Cuban Claret calls on the Burnley to prey on beleaguered Blackburn’s insecurities and bury the hoodoo once and for all
IT`S a rare thing indeed to encounter anything other than a bullish Blackburn Rovers supporter ahead of the East Lancashire derby.
Not so this time, it seems, as Rovers fans have been falling over themselves to tell us it`s ours for the taking.
The truth is they are merely getting their excuses in early but Burnley fans are concerned enough by their own team`s poor form. We need to forget the disappointments of recent home games and prey on the opponents` insecurities. They are injury ravaged, out of form and ragged, whether we are much better or not, it certainly makes a pleasant change to approach a game at Ewood without the sense of foreboding of previous times.
On all previous occasions I have been to Ewood Park (1982/83 were the first derbies I encountered), the odds have been firmly stacked against Burnley. Given the conduct of the travelling supporters on that occasion in 1983, a 2-1 defeat to two dubious penalties was, I dare say, perhaps a deserving outcome.
I was 10 years old at the time and sat in the Riverside Stand with a Blackburn Rovers supporting friend, his family and my Dad. My teenage brothers were in the Darwen End and as debris fell from the roof and police horses charged across the terracing, it was a frightening sight. Compounding the surreal scene, Clarets boss Frank Casper took to the microphone in the PA announcer box and told the Burnley hooligans that they were no longer welcome at Turf Moor. Blackburn fans cheered their approval. The pictures were screened on the North West Tonight later on. There is a tendency to make light of these events when they are consigned to history, but this was a dark day for Burnley and our club`s reputation. I have always had a nagging feeling that the treacherous run of form we have encountered ever since is some kind of karmic payback for the events of that day.
That said, I think we`ve paid our penance. The culprits of the time are probably either locked-up or perhaps reformed characters, married with children and possibly even taking their kids to the match on Sunday.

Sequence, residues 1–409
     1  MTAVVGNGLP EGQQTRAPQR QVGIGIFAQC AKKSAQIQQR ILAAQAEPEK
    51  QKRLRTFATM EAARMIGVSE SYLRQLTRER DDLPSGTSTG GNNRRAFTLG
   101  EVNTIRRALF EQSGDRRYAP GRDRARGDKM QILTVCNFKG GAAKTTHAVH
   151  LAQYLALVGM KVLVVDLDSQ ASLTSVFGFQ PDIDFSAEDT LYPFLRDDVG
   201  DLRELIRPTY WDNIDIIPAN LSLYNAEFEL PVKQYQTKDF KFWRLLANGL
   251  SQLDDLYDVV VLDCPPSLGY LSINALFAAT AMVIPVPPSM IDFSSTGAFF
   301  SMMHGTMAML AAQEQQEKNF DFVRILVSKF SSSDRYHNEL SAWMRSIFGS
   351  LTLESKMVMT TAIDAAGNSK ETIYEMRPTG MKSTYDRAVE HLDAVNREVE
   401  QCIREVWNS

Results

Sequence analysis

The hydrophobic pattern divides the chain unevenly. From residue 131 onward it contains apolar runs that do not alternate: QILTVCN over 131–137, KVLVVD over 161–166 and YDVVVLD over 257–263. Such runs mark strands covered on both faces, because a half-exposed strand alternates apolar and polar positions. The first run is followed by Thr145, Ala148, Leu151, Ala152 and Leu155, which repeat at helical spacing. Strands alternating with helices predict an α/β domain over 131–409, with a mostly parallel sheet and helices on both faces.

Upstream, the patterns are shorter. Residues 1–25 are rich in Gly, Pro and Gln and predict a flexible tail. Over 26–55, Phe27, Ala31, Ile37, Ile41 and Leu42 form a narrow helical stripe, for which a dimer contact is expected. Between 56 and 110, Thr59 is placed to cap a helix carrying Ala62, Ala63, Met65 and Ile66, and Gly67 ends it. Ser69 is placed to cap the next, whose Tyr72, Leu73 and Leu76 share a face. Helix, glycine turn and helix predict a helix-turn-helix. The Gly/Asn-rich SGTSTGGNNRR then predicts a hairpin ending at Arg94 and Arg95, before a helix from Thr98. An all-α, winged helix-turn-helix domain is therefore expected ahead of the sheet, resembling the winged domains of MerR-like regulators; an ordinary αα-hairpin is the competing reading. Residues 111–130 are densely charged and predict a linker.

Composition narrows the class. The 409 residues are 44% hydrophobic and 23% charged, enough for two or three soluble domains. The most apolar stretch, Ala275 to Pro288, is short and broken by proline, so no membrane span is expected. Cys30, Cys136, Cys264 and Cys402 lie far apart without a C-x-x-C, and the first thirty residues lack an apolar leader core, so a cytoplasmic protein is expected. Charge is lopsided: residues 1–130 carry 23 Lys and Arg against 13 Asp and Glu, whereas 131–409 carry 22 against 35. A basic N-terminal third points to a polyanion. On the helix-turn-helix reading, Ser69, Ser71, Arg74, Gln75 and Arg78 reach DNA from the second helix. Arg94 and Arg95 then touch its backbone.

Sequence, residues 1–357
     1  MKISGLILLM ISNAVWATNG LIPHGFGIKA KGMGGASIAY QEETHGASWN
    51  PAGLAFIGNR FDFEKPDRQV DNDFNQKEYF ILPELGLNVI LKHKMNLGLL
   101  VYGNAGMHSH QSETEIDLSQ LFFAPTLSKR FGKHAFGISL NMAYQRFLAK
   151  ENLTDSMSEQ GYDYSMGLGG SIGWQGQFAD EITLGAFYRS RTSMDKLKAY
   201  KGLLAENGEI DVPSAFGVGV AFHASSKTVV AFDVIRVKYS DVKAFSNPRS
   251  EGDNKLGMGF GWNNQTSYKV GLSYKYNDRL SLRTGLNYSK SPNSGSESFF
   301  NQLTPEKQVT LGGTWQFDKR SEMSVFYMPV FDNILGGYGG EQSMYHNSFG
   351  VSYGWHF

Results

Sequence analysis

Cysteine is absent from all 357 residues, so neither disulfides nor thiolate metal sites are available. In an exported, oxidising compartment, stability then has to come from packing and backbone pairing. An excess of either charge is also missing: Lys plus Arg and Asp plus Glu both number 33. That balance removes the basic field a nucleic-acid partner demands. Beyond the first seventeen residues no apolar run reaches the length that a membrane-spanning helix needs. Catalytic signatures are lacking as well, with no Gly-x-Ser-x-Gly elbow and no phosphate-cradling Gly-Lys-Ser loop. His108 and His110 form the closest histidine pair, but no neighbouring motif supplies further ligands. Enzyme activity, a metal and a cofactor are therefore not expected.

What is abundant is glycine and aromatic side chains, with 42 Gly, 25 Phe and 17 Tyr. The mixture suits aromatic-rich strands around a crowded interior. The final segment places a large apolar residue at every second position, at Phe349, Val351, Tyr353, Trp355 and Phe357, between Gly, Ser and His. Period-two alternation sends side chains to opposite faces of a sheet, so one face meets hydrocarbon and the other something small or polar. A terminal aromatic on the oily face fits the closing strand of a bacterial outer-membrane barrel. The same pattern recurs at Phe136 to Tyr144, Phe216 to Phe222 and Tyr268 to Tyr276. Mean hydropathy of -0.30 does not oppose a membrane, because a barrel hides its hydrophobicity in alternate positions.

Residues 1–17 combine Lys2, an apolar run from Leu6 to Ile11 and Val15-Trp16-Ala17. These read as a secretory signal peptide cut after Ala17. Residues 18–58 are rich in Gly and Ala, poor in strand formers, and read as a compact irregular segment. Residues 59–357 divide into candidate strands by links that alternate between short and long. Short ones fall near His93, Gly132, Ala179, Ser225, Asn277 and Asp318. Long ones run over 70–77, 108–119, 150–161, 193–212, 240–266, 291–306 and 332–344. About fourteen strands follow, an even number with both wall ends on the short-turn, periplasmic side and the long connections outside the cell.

Both clubs have since etched impressive chapters into their respective histories. Rovers, of course, have the biggest trophy of all in their cabinet. And for all the favourable circumstances that might have helped that happen, it`s theirs and they deserved it. Just like we did 35 years prior. Our dreadful spell in the 1980`s nearly took us into oblivion but our steady rise back up the leagues has been, in the main, a wonderful journey to be part of.
Now it appears that both clubs face a crossroads. Blackburn have that sinking feeling, the unknown for them right now is whether they have reached the depth of it, or is there worse to come?
Defeat to Burnley at home is, of course, an unthinkable scenario to anyone of a Rovers persuasion. Its something the majority of home supporters on Sunday will never have seen. As long as the “Same old Blackburn beating Burnley” song can be sung, they are not in ultimate despair.
But while all things are far from rosy at Ewood right now, the reaction to Burnley`s defeat on Monday was as bitter as the weather, and as bad as it`s been for a while.
We have been so used to seeing Burnley collapse in the second half of the season, the jokes gone stale, and under Sean Dyche, things looked optimistic as we began to finally find our feet on our travels in January.
Indeed, our manager was revered as a ‘Ginger Mourinho` on a splendid New Years Day out at Hillsborough. But you have to go a long way to find supporters as reactionary as the Clarets and just as the over excitement reached fever pitch with a stirring triumph against Crystal Palace, followed up on the road at Millwall, the wheels came off and what always looked to be a tricky February on paper proved just that with two points from a possible 15.
There went our pipedream and the nature of our recent displays has led to an altogether nastier reaction to the manager and his methods.
I believe we`re probably about where we should be given the quality of our squad on paper. For a while there it looked like Dyche was capable of revving up the players into a competitive, hardworking, united bunch that could perform above its station. The fact that we haven`t been able to sustain it is more indicative of the inadequacies and imbalance of a squad he inherited. It never looked a strong enough squad to last the course of the season.
That`s not to excuse the turgid fayre that Turf Moor has been treated to over the past four matches. But I think this period will soon be forgotten if Dyche can instigate a win at Ewood.
Dyche`s away record (W 4 D 3 L 4) is play-off form and Rovers fans know that a semblance of organisation appears to be all it has taken to turn over their confidence sapped collection of misfits at the present time.
It`s time for the Clarets to show some confidence in this fixture. Both the players and the fans need to relish the occasion, not freeze and ram home the advantage on their fragile hosts.
I will never forget the bravado of the Blackburn contingent at Turf Moor at what they termed the Dingles relegation party in the Premier League season. Their sustained level of mirth was impressive, one song in particular stood out.
“We`ll never play you again.” Well that smirk has certainly been taken off their faces and now, with our penance paid, it`s time again to cause some anguish at Ewood, but this time, let`s settle it on the pitch.